Affordable dental care?

A growing number of Australians are opting to travel overseas for a ‘dental tourism’ holiday.

Affordable dental care?

A growing number of Australians are opting to travel overseas for a ‘dental tourism’ holiday, in search of affordable dental care. But just how safe is this practice?

Hundreds of thousands of Australians are on public dental waiting lists, and of those in private care many struggle to pay the high costs of dental work. Travelling overseas to have your teeth worked on for a fraction of the cost, without the long wait times and with the added bonus of an overseas holiday sounds almost too good to be true. So what’s the catch?

Earlier this month the Australian Public Affairs office released a statement warning Australians to “get the facts” on overseas dental tourism.

Dr Markijan Hupalo, a board-certified prosthodontist in Sydney, regularly treats patients who have experienced complications with overseas dental surgery. He says of the practice of travelling overseas for dental work, “There is generally only one reason for receiving treatment overseas, and that is cost. Many patients today consider treatment in Australia to be too expensive and are choosing to travel overseas instead.

What they often don’t realise is that their desire to save money could be putting them at risk of long term damage. I regularly see and help patients who have had overseas dental treatments that have gone very wrong.”

Dr Hupalo went on to explain that, while an implant in Australia usually costs around $5000, a significant portion of this cost incorporates using high quality components in the implant itself. He suggests that it is likely those offering implants overseas for a fraction of the cost are also using lower quality components, which cannot be used in Australia as they don’t meet basic standards.

He suggests that, as a preventative measure, anyone having dental treatment done overseas should consider visiting a board certified prosthodontist on their return, just to check that nothing has gone wrong.

The Australian Public Affairs office has urged anyone considering overseas dental treatment, especially if they are considering having the work done in a developing country, to undertake extensive research. Talk to several providers, get several opinions and check out their qualifications and board certifications.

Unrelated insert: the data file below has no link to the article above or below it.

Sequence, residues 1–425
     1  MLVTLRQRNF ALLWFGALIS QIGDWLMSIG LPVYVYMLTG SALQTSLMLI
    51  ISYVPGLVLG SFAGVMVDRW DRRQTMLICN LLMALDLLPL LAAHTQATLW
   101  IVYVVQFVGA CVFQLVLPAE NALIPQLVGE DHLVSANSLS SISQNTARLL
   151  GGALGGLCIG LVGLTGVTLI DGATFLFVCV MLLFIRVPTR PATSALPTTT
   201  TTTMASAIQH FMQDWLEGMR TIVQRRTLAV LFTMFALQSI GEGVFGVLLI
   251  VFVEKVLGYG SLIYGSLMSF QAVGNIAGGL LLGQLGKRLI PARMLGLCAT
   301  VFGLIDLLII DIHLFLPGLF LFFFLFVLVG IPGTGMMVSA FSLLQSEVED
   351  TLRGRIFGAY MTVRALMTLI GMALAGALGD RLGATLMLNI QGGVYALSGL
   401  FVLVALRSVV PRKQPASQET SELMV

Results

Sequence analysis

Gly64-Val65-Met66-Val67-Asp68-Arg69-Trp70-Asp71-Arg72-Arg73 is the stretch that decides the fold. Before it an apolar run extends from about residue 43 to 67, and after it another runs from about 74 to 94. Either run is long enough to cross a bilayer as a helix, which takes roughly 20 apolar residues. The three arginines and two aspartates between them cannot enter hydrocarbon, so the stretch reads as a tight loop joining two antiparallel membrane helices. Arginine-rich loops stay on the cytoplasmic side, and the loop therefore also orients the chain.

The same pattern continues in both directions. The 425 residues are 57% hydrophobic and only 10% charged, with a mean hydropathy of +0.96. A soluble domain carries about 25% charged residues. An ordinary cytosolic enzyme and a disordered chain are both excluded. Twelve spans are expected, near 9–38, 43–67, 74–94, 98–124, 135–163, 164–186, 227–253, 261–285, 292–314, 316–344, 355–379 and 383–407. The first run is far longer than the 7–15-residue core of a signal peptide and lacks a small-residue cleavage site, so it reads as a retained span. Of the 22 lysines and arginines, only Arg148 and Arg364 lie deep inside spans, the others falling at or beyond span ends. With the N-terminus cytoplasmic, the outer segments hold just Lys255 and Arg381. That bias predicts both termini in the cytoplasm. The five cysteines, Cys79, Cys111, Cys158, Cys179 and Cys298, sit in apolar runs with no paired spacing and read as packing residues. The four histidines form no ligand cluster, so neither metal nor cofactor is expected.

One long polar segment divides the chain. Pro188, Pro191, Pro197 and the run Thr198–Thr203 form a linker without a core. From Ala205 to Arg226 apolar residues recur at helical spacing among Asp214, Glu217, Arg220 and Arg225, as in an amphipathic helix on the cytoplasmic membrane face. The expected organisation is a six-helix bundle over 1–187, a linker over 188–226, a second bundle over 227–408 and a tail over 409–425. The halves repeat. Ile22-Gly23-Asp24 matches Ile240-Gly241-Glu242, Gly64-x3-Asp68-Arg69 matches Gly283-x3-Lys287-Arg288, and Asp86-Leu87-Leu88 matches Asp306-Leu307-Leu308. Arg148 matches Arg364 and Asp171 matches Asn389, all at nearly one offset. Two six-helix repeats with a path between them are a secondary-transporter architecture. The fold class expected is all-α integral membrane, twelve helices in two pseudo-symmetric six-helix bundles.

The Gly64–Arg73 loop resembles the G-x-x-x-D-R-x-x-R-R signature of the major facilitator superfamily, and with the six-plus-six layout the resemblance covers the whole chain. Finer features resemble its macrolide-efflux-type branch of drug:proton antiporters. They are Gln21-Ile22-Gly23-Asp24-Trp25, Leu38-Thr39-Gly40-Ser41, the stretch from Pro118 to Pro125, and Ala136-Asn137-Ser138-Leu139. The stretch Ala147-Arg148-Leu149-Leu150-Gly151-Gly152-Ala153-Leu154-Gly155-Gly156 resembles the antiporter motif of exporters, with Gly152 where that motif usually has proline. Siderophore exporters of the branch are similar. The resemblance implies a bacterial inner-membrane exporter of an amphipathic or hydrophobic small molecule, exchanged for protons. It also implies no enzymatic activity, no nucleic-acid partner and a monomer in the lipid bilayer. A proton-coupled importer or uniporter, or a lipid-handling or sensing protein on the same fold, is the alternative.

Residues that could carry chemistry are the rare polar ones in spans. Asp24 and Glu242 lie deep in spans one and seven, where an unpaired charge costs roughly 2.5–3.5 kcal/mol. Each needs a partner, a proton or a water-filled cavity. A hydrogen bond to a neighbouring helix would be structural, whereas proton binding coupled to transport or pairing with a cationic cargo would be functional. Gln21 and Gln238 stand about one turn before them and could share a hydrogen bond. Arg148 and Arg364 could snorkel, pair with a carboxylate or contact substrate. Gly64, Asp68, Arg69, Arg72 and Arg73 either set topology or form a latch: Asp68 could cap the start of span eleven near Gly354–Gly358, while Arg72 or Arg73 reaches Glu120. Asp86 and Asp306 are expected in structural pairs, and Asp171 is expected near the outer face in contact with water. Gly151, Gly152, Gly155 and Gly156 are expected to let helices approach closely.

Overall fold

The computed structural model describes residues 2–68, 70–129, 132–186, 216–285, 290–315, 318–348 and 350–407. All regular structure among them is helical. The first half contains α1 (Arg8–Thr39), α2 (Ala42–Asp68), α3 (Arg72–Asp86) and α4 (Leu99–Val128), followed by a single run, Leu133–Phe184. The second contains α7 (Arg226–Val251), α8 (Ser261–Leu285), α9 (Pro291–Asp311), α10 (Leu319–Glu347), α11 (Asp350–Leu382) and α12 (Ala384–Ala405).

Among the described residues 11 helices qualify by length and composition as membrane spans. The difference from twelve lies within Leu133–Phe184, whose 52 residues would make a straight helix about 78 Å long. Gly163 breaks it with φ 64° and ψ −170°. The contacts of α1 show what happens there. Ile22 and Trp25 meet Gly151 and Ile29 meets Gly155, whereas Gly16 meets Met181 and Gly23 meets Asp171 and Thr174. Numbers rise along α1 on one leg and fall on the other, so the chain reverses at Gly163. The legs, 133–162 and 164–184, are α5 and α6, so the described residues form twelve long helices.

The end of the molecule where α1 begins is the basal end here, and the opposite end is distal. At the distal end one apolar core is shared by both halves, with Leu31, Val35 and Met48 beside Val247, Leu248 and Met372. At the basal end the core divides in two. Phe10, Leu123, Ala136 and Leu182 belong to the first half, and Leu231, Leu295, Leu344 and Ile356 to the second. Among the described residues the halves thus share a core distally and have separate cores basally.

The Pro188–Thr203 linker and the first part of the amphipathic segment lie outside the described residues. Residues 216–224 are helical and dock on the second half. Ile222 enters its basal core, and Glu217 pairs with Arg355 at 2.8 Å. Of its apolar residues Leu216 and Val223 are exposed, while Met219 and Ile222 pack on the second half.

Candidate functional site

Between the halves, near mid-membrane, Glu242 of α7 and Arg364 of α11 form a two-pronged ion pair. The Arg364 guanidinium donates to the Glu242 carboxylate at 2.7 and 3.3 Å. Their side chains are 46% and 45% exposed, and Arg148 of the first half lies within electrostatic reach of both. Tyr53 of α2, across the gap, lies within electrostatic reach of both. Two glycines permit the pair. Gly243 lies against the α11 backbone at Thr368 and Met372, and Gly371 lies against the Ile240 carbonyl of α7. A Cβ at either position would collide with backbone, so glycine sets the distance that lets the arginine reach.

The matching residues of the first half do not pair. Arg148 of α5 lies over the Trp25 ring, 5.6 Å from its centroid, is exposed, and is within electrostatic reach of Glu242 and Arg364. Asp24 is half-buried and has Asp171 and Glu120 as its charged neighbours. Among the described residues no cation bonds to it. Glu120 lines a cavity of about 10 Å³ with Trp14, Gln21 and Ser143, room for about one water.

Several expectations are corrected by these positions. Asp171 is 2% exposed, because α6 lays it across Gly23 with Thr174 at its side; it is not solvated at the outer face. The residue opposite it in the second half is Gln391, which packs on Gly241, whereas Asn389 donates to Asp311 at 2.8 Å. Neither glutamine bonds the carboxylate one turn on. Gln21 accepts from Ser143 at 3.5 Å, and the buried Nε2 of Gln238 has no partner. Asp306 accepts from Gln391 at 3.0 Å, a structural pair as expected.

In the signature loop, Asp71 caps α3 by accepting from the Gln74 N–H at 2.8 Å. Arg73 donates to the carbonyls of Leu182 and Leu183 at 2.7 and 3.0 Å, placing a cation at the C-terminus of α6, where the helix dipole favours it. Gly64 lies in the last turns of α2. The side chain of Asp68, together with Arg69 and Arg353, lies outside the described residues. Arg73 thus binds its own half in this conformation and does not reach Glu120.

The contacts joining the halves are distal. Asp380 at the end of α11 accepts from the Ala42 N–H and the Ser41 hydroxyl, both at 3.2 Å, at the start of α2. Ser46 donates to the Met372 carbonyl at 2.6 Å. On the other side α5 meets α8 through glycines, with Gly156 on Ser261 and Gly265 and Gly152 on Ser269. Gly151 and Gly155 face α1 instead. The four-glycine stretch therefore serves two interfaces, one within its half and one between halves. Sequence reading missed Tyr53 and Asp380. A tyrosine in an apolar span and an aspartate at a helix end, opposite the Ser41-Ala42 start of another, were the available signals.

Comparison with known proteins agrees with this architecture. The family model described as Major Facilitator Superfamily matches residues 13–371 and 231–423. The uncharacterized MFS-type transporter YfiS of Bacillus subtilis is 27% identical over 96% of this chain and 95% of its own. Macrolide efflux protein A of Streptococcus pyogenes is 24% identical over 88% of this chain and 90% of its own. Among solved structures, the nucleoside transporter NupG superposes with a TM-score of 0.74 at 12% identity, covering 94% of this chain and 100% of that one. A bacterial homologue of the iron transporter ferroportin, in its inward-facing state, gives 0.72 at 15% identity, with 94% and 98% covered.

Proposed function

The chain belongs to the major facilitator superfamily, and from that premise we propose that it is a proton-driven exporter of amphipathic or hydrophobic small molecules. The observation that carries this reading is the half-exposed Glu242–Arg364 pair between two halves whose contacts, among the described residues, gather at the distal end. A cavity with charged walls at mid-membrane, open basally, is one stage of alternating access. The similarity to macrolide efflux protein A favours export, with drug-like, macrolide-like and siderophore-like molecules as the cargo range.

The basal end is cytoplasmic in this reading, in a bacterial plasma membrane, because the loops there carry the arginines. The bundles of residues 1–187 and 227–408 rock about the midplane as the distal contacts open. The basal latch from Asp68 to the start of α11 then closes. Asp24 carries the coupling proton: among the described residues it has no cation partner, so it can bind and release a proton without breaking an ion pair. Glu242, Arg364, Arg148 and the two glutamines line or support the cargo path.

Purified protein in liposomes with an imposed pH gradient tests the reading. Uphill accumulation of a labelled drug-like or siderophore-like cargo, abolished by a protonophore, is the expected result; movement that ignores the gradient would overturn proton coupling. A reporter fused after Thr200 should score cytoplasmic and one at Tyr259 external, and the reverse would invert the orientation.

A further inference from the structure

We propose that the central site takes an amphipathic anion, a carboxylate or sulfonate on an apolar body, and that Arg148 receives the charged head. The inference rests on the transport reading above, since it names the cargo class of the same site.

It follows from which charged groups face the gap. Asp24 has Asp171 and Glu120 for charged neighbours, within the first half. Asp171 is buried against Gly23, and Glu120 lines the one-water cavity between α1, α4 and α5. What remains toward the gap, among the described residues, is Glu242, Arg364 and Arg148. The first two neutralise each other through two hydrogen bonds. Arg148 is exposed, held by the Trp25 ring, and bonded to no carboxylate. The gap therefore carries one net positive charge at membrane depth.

What do you think? Is overseas dental work worth the risk because of the significantly lower cost? Do you think you can protect yourself by doing extensive research, or is the potential for disaster just not worth it?

And if you have gone overseas for dental work, why not share your experience in the comments below?


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    22nd Apr 2014
    I would suggest that it is very important to follow the recommendations made by Dr Hupalo. Before thinking of taking a dental treatment overseas there should be a clear understanding of what dental treatment is required, this should be obtained by obtaining a written treatment plan in Australia.
    Thoroughly research where you plan to have dental treatment overseas, not all countries are equal and not all dentists are equal. Check qualifications. Also check the time required to complete the treatment, if not enough time has been allowed the treatment will be rushed and runs the danger of a poor result.
    I and my family have had a significant amount of dental treatment overseas and have been very happy with the results. We have also made very significant savings after what we would;d of had to pay in Australia after top table private health cover refunds.
    I have been fortunate to find an excellent dentist in China.He trained in China but also has qualifications in USA. His surgery is modern and is better equipped than most in Australia. I was able to to find him through my wife who is a Chinese registered doctor and she did the research for us.
    I went for a checkup a couple of months ago at his surgery, they didn't find any problems, I went to pay and they said no cost we didn't do any work.
    22nd Apr 2014
    If people wants to save money and have their mouth destroy, just book an appointment at the Dental Westmead Hospital, it's just lihe going overseas !!!!
    Polly Esther
    22nd Apr 2014
    Confucius say, "Person who needs dental treatment only rings to make appointment at 2.30"
    22nd Apr 2014
    Is that 2.30am ????
    24th Apr 2014
    Confucius was using a sun dial....another saying is... ' Person who disobeys Emperor no longer needs dentist'
    A. N. Onymous
    22nd Apr 2014
    Yes, do your research beforehand and have a checkup of what has been done on returning to Australia.

    However, let’s go into this a bit further.

    Dr. Hupalo’s comment: “I regularly see and help patients who have had overseas dental treatments that have gone very wrong.”

    When I read this, I thought back to a work experience I had decades ago. I had worked as a secretary in many types of offices for many years, but it was only after I married that I had a job working for solicitors.